5. I think it's amazing credit to you how you created a plot like that almost seamlessly. I sort of want to read that book now too. You say that the subplots have to work with the story, but what about in a series of books? What may seem useless in the first book is actually crucial in the last book.

  6. Barbara: Anytime :) It'll probably be a lot easier now that you have the main plot done.

    Carol: Thanks!

    Alex: One day I'll have to write Bob and the Zombies. It might only be a PDF download for the blog, but I've done so much with those guys I feel they need their story told.

    For series, it's okay to have some things that aren't resolved or seem unconnected, as long as they don't read like they ought to be part of the story. (does that make sense?) Like if you have a whole subplot about something that is never resolved or has no bearing on the core conflict at all, readers are probably going to wonder why the heck it was there. But if somewhere in that subplot, something connects to that book, you're usually fine. There can be more to it (and hints dropped) but it should feel like it belongs in the story.

  7. Ooh -- evil subject. For years, I could not get subplots into anything I wrote. They simply would not evolve naturally into the story at all. It wasn't that I wasn't seeing them -- they were literally not there. I always start the story way too late, and it turned out that was keeping subplots out of the story. Once I fixed that (lots of pain, suffering, anguish, brain melting), two came in.

    Like my story, my subplots are also plot-driven, which also made it difficult to get at the original problem of getting them into the story. People often define it by the character relationships, and I have people jockeying for power and plotting evil deeds. I don't really think of the connections in the way you describe. It's more of an overall view of the entire story and how everything relates to everything else. Though, admittedly, one of the major downsides to this is if I have to make what seems to be a small change early on, it affects so many of the relationships that it can trigger a major revision.

  8. Unfortunately, I don’t consciously write with sub plots in mind. I let them occur naturally, and in later drafts I work to highlight those story lines.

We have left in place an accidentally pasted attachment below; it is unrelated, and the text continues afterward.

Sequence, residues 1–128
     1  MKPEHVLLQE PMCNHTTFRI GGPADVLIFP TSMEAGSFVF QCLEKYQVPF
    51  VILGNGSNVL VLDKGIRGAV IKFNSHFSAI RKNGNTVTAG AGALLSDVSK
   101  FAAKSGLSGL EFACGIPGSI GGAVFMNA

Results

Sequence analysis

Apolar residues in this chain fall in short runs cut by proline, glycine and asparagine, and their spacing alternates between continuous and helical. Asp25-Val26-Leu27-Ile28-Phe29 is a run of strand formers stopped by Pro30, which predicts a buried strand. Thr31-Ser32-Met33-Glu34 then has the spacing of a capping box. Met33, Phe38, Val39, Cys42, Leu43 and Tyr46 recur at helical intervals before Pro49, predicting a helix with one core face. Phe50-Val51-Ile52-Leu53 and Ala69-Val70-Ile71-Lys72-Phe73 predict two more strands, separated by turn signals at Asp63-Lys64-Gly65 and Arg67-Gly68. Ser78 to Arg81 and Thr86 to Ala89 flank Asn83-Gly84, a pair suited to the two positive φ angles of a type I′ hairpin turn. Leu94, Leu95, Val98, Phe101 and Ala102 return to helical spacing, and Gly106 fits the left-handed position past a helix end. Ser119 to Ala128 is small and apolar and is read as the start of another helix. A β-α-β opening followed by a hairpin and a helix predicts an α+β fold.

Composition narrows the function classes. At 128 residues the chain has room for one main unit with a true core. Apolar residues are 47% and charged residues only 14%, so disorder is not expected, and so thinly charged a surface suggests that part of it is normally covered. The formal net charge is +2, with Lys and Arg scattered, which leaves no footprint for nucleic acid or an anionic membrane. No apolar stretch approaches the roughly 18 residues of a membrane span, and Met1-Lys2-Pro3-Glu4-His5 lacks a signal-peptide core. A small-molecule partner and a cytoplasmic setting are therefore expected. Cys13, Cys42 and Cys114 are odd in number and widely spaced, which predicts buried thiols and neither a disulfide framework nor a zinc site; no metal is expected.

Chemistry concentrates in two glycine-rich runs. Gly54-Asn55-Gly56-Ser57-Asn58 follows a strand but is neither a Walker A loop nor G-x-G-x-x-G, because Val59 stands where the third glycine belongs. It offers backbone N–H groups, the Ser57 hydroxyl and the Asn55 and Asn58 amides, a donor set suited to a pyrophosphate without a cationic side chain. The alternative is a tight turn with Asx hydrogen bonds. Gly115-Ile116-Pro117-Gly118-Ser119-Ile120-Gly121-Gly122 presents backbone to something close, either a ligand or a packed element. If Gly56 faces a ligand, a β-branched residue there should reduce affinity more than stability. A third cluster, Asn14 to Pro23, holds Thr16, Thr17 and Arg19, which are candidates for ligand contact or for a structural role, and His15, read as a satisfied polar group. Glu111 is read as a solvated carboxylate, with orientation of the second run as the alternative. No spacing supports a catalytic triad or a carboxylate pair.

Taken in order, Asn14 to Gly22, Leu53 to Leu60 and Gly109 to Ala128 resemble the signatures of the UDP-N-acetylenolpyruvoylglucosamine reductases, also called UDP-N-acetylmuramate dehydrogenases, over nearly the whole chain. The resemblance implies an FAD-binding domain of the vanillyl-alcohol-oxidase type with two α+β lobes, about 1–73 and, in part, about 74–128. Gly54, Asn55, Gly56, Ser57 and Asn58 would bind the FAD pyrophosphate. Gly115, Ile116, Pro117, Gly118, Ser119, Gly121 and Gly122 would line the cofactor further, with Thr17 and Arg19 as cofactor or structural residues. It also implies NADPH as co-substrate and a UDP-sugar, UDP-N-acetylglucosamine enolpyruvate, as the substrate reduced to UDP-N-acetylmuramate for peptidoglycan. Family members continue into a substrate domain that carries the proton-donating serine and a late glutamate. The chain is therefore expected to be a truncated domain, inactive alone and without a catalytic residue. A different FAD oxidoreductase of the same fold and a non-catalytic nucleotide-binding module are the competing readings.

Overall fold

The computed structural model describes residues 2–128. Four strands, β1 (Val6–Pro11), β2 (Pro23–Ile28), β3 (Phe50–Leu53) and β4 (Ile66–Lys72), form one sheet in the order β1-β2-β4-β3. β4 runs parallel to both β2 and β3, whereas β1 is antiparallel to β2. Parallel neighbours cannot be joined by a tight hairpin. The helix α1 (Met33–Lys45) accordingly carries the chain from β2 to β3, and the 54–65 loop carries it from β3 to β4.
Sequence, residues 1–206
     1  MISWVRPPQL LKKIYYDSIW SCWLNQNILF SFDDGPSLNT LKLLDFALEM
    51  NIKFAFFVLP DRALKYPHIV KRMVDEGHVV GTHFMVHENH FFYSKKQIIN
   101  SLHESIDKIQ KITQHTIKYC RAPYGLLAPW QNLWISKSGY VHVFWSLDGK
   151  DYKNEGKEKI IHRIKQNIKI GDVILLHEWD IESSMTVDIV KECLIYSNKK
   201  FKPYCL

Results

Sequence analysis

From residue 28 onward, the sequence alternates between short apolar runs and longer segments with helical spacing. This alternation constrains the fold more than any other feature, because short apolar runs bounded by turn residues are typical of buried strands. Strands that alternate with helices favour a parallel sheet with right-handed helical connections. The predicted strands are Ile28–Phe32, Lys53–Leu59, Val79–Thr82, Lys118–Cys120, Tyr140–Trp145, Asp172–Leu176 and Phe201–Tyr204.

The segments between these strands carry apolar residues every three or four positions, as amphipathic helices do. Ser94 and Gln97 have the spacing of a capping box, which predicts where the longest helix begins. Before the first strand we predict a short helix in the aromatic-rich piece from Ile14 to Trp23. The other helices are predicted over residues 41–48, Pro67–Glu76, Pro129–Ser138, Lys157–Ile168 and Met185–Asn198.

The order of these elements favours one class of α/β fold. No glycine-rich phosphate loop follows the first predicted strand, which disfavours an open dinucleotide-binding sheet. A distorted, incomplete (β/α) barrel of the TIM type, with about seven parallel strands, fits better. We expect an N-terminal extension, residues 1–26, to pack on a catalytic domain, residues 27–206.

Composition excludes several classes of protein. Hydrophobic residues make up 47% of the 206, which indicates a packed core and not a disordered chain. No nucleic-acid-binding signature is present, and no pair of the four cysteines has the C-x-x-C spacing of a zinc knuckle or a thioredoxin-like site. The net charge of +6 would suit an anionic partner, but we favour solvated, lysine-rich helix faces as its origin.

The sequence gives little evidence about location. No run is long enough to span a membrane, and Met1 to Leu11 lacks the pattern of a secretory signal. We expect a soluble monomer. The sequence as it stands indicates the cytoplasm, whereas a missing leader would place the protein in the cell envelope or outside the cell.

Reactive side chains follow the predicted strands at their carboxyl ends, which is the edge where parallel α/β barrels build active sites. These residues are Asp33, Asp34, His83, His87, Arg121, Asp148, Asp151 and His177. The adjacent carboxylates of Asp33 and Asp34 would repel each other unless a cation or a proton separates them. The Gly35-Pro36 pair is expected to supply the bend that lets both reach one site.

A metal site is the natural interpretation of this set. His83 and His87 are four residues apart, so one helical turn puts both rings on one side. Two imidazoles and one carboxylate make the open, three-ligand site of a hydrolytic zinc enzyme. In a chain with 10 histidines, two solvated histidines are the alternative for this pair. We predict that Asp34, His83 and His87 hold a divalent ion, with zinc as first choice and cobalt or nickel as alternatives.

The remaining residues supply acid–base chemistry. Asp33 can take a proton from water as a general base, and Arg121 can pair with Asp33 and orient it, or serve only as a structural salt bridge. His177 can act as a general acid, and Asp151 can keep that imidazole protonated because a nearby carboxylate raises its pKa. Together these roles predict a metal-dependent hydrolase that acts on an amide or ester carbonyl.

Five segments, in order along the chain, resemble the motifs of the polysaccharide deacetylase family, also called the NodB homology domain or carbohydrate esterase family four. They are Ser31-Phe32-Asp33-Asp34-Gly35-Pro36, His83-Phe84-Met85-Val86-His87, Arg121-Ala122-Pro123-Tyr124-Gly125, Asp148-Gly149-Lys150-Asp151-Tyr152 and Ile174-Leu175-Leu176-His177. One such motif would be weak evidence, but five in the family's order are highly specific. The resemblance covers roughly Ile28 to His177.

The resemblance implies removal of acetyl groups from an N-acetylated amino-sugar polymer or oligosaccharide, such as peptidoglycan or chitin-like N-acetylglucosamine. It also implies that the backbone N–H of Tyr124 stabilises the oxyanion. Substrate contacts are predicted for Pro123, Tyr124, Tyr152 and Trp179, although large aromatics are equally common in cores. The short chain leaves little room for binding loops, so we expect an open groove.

I look for lies, love interests, hidden agendas and all-around-bad-human-nature.

    I love watching the dark getting pulled down all around me, but I love seeing the light over taking the dark much more in the end.

  9. Wonderful setup Janice!

    I had a thought as I was reading this that may add another twist. What if (because all writers love these two words) Sally is redeemable? Sally saves Jane and the two become friends. Jane is now torn in her love for Bob. Sally realizes the love Bob has for Jane and starts to take risks. Bob may want her out of the way but he still loved her at one point so he is driven to save her. Jane owes her life to Sally and does the same. Now all three end up twisted into a struggle to survive not just the zombies but also the love triangle.

    I know this was just an exercise but thought I would share the twist it inspired.

    Thanks for the great post :)

  10. WOW! Thanks for the great post Janice. I can't believe how easy you made this look! This example really demonstrates how a good subplot pushes the story forward in a natural way. I am in the early stages of my first YA. You've inspired me to put more effort into the subplot now. Oh the possibilities!

  11. Fantastic! Great look at how to integrate subplots into the story.

  12. Linda: What I've found works well is to connect the subplots to the inner conflict. Let the protag face something that's needed for the external plot, but that conflicts with the internal struggle. That allows you to throw tough problems in your protag's way as they work through the plot, and it's all connected.

    Jeff: "Lies, love interests and hidden agendas." Love that. That's really a great summary of some good subplot material.

    Gene: Oh, that's awesome. Redeeming Sally. If I ever write this story I so have to do that :) Thanks!

    Marti: Thanks, I'm glad it clicked with you. My early struggles with subplots came from trying to add more to the story, not develop what I had. Once I changed focus, it was so much easier. And better!

    Jami: Thanks!

  13. This was brilliant. I love how you took a simple idea and added more simple ideas to clearly make the point of how subplots work and don't work. I really appreciate it and hope I can get back to my drawing board and work in some clever subplots that work well with my story.